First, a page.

Letters to the Editor

Letters to the Editor, Oct. 31

Larson keeping his word

Few appreciate how diligent Jon Larson, now running for council at-large, has been in trying to carry out his 2010 campaign idea of eliminating wasteful and unnecessary offices of judge-executive and fiscal court.

Despite his efforts, the legislature has not held hearings on his bills to amend the Constitution, which will also require voter approval.

Judge-executive pays $3,600 per year, despite the fact that the holder directs large sums for county road construction and repair. Larson has received no compensation for the hours he has devoted to making no fewer than 10 trips per session to Frankfort to deliver his proposals.

Larson has adopted a new strategy: Give up his job, recruit a like-minded replacement (John Roberts) and run for council. Upon election to council, he will seek support for his proposals among other council members. Please support my hardworking, visionary friend.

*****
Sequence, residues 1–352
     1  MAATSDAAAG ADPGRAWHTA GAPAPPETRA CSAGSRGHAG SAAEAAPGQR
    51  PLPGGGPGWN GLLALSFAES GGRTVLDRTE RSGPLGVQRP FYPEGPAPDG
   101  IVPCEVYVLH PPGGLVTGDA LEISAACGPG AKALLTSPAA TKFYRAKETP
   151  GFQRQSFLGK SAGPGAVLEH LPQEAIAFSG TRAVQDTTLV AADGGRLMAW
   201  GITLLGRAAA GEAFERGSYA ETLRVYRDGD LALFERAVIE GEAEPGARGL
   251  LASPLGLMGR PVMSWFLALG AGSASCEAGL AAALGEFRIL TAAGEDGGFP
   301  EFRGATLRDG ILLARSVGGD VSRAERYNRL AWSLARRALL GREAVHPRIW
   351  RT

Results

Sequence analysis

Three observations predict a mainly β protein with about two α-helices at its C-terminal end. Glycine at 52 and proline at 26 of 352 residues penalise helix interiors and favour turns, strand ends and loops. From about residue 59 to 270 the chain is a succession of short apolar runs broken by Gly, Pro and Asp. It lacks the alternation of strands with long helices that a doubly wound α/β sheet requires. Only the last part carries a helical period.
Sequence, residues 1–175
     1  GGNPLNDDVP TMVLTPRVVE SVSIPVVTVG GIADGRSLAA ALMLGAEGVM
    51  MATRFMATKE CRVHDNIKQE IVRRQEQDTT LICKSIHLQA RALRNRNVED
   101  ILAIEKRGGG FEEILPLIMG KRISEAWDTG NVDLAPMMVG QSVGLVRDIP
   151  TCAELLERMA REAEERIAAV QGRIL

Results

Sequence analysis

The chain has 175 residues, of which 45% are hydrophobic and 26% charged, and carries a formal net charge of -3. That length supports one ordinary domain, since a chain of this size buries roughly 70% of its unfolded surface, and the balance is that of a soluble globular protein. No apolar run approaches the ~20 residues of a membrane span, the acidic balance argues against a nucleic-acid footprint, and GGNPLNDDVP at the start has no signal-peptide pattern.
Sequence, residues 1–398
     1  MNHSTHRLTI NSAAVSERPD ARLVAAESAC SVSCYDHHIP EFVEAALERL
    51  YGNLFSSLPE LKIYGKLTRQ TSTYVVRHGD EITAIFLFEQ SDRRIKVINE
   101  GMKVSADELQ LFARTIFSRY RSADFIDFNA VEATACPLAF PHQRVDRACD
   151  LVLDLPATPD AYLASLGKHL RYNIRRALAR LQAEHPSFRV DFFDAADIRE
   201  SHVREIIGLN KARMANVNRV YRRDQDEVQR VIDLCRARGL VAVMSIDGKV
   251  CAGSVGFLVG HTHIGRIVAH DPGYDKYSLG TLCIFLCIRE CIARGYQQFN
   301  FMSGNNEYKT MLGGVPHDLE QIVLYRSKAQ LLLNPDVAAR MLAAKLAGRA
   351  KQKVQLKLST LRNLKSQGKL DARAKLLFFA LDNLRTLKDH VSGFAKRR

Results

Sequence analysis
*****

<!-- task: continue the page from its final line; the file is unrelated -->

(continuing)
Jennifer Dunlap


Keep Mossotti on council

Jennifer Mossotti needs to stay right where she is, as council member for the 9th District. Residents of this district are fortunate to have this experienced, hard-working representative.

I have watched her assist an elderly constituent with a city service bill, work to eliminate the brownouts at the fire stations and develop programs to bring better jobs to our area. Whether the problem impacts one person or the entire community, she deals with it.

This past term, she worked to restore the staffing levels for the fire stations and police, plus worked to secure funding for bulletproof vests for the jail personnel.

She has always supported neighborhood and homeowner associations. She keeps residents aware of community events, available grants and safety alerts. She also secured funds for the parks in the 9th District. With five terms of experience behind her, Mossotti is one of the most valuable members of the council.

Wanda Delaplane


Grimes for the future